Seriously. Regular exercise is key to keep a number of health issues at bay, and bone health is no exception. In fact, living a sedentary lifestyle is considered a risk factor for osteoporosis [12]. One study comparing bone density in college women with various body weights and activity levels found that athletes with low body weight had the highest bone density of any group in the study, showing exercise (and low bodyweight) can have a positive effect on bone density [13].

What type of exercise is most effective? Weight-bearing exercises like running, walking, jumping rope, skiing, and stair climbing keep bones strongest. Resistance training has also been shown to improve bone health in several studies, so pick up the weights after going for a jog [14] [15] [16]. Bonus for the older readers: Improved strength and balance helps prevent falls (and the associated fractures) in those who already have osteoporosis.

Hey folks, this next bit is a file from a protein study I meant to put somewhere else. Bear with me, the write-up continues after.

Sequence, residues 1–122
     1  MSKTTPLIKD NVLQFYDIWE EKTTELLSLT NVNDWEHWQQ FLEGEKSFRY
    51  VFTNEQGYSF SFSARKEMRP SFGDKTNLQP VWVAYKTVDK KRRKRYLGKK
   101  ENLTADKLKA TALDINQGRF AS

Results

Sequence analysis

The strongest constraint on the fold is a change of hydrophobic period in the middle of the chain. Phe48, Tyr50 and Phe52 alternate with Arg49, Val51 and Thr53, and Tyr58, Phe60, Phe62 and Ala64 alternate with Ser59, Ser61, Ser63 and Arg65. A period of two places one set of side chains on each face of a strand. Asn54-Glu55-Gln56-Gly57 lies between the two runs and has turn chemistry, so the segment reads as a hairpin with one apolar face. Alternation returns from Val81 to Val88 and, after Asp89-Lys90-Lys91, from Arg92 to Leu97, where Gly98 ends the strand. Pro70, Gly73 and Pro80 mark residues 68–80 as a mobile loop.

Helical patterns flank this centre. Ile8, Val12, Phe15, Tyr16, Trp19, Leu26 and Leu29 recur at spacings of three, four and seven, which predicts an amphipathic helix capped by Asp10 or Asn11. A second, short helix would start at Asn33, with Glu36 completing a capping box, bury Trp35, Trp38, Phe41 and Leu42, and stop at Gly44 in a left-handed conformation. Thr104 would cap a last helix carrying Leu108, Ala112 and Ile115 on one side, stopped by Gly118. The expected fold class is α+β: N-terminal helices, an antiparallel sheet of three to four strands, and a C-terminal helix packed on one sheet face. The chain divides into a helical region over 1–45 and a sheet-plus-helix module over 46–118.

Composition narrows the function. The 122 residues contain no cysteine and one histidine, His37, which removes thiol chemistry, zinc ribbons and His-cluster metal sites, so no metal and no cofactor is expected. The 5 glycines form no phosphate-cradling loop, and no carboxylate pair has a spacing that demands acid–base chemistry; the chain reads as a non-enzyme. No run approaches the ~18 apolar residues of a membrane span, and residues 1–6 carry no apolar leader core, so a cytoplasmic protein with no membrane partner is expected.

7. Consume less caffeine.

Caffeine does have some health benefits, but unfortunately those benefits aren’t for our bones. Too much of it can interfere with the body’s ability to absorb calcium. One study showed that drinking more than two cups of coffee per day accelerated bone loss in subjects who also didn’t consume enough calcium [17]. Another study (albeit on elderly women) showed that more than 18 ounces of coffee per day can accelerate bone loss by negatively interacting with vitamin D [18]. So enjoy the java, but keep it in moderation and consume enough calcium, too.

8. Cool it on the booze.

…But like caffeine, there’s no need to quit entirely. While heavy alcohol consumption can cause bone loss (because it interferes with vitamin D doing its job), moderate consumption (that’s one drink per day for women, two per day for men) is fine — and recent studies actually show it may help slow bone loss [19] [20] [21]. Bottoms up!

9. Quit smoking.

Here’s yet another reason to lose the cancer sticks: Multiple studies have shown smoking can prevent the body from efficiently absorbing calcium, decreasing bone mass [22] [23].